It’s all riding on you, Matt LeBlanc! Here’s how to save Top Gear
Sunday’s new run of Top Gear will enjoy a reception the show hasn’t received for many years: none at all. Gone is the rampant speculation about how badly Chris Evans will mess things up. Gone is the anticipation about what awful guff Jeremy Clarkson will spout about Spaniards. This new series has had no hype, no build-up whatsoever. It’s less being debuted than carelessly slapped in front of us like a dead fish.
But this lack of interest is an opportunity. Without the din of reinvention drowning them out, and with ratings surely tanking, Top Gear finally has the chance to slowly and surely rebuild a voice of its own. With everyone distracted by last year’s implosion and the gaudiness of The Grand Tour, Top Gear can work on its fundamentals in relative peace. If I were Matt LeBlanc, here’s how I’d approach it.
If one thing characterised the Evans-fronted Top Gear, it was excitement. Endless, shrieking excitement about every single last thing. It was like watching Top Gear being presented by a tiny witch trapped inside a metal dustbin. It was like watching Top Gear being presented by 15 Richard Hammonds. At least with Clarkson, you knew he’d had an entire life of crushing disappointment to deal with, which prevented him from ever really getting too enthusiastic about anything. This is the main thing LeBlanc must remember: Top Gear is not a kids’ TV show.
But, you know, some excitement
Now, see, I’m already regretting that last entry, because I’ve watched LeBlanc in other things. And left to his own devices, my suspicion is that he’s naturally about as enthusiastic as a wedge of bogwood. Admittedly this year he’s surrounded by some nerdily excitable younger hosts (Rory Reid, Chris Harris), which might gee him up, but a little razzle dazzle here and there never hurt anyone, Matt.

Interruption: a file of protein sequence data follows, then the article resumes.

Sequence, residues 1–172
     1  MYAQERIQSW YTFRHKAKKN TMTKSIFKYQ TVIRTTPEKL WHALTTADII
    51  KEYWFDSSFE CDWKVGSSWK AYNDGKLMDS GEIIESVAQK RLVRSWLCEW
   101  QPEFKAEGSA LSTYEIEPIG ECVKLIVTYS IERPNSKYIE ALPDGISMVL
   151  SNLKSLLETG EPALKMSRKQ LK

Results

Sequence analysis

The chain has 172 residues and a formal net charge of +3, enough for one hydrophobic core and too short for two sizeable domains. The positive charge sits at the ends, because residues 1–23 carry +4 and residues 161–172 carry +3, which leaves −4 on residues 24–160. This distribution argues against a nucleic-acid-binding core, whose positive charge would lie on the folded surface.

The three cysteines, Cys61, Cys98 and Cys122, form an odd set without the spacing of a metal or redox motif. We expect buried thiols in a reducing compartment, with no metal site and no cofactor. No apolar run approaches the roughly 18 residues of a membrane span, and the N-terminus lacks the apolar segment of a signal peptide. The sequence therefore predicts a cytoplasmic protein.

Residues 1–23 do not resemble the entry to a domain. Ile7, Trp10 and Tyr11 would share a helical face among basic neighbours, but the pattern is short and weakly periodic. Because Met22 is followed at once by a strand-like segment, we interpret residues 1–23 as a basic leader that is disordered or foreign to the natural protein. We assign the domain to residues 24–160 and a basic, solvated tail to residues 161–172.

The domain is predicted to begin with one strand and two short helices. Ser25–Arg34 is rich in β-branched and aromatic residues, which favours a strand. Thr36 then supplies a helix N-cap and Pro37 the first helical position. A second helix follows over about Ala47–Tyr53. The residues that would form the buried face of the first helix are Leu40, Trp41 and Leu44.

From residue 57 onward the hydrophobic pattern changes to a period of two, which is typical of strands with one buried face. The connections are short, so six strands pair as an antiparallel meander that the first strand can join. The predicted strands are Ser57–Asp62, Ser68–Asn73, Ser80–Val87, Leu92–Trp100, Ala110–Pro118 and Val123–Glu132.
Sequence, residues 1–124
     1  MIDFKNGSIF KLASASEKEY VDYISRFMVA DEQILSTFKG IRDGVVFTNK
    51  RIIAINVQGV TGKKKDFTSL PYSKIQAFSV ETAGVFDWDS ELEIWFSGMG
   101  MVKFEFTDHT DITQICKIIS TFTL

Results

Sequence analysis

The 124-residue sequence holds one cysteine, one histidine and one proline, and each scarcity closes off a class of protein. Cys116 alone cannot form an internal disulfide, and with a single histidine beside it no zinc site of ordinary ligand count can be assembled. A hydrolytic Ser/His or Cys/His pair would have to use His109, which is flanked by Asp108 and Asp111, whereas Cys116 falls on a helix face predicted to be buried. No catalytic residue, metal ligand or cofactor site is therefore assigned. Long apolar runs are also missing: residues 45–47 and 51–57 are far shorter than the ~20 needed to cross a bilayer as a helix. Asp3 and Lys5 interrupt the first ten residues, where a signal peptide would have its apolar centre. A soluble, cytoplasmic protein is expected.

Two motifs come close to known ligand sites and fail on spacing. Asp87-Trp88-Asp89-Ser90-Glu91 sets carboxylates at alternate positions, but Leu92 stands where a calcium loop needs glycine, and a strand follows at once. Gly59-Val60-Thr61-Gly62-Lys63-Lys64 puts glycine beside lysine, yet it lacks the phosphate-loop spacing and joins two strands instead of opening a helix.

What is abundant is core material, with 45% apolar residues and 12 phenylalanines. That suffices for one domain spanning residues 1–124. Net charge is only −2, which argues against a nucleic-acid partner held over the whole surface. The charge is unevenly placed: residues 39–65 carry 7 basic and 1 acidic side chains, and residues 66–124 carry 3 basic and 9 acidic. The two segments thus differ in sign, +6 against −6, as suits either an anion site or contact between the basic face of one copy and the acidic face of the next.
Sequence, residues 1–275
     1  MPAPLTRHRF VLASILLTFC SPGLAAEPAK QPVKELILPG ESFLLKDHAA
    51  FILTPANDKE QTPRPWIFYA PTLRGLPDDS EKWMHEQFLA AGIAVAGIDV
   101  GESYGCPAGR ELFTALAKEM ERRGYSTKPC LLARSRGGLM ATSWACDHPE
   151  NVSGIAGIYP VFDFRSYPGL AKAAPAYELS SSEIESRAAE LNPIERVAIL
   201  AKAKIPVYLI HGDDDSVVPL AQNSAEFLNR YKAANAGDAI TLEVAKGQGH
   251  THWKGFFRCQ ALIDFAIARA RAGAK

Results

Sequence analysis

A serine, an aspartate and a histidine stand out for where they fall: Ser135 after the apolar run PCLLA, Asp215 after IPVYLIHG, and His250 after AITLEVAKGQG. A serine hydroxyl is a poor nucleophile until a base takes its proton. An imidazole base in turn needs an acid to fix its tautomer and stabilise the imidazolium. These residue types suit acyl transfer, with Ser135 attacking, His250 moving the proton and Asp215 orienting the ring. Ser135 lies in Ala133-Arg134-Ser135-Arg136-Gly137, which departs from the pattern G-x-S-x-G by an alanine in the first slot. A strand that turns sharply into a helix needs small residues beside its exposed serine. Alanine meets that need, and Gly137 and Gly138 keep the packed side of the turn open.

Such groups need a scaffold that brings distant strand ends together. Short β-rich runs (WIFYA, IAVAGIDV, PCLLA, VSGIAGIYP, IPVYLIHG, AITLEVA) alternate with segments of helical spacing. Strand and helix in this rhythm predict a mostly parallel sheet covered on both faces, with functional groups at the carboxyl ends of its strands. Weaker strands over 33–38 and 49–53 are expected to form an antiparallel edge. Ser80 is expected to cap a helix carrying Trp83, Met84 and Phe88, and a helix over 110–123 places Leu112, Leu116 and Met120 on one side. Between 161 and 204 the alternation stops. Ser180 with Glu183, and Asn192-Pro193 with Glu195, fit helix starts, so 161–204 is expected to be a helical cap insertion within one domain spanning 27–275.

Develop some inter-host chemistry
This is where the last series of Top Gear fell short. Nobody watches The Grand Tour for the cars; they watch because they want to see Clarkson, Hammond and May muck around. Last year’s Top Gear was The Chris Evans Show, and all the hosts seemed to operate with antibacterial demilitarised zones between them. Since LeBlanc is the only genuinely recognisable face in the lineup now, it falls to him to kickstart a chemistry with the other two. No pressure, but the fate of the entire show rests on this.
Don’t just copy The Grand Tour
That said, he shouldn’t rotely mimic the relationship between Clarkson, Hammond and May. That relationship feels natural because it’s been organically aged over a decade and a half. The key to Top Gear’s success is how well it finds its own rhythm. Certainly, the mix of hosts at the moment – the Hollywood bigshot, the car bore and the child – feels like it could be fruitful on its own terms. We’ll just have to see how fruitful.
Don’t moor yourself on a blueprint
The downfall of every single series of Top Gear – and The Grand Tour – has been how rigidly it has clung to formula. Every week they’ve seemed determined to play all the same notes in exactly the same order, and driven many promising segments into the ground as a result. Star in a Reasonably Priced Car would be much more tolerable if it only happened every few weeks, for example; and Celebrity Brain Crash if it happened no more than once. Yes, it’s early days, but have the confidence to wear the format loosely, Matt. It could pay off enormously.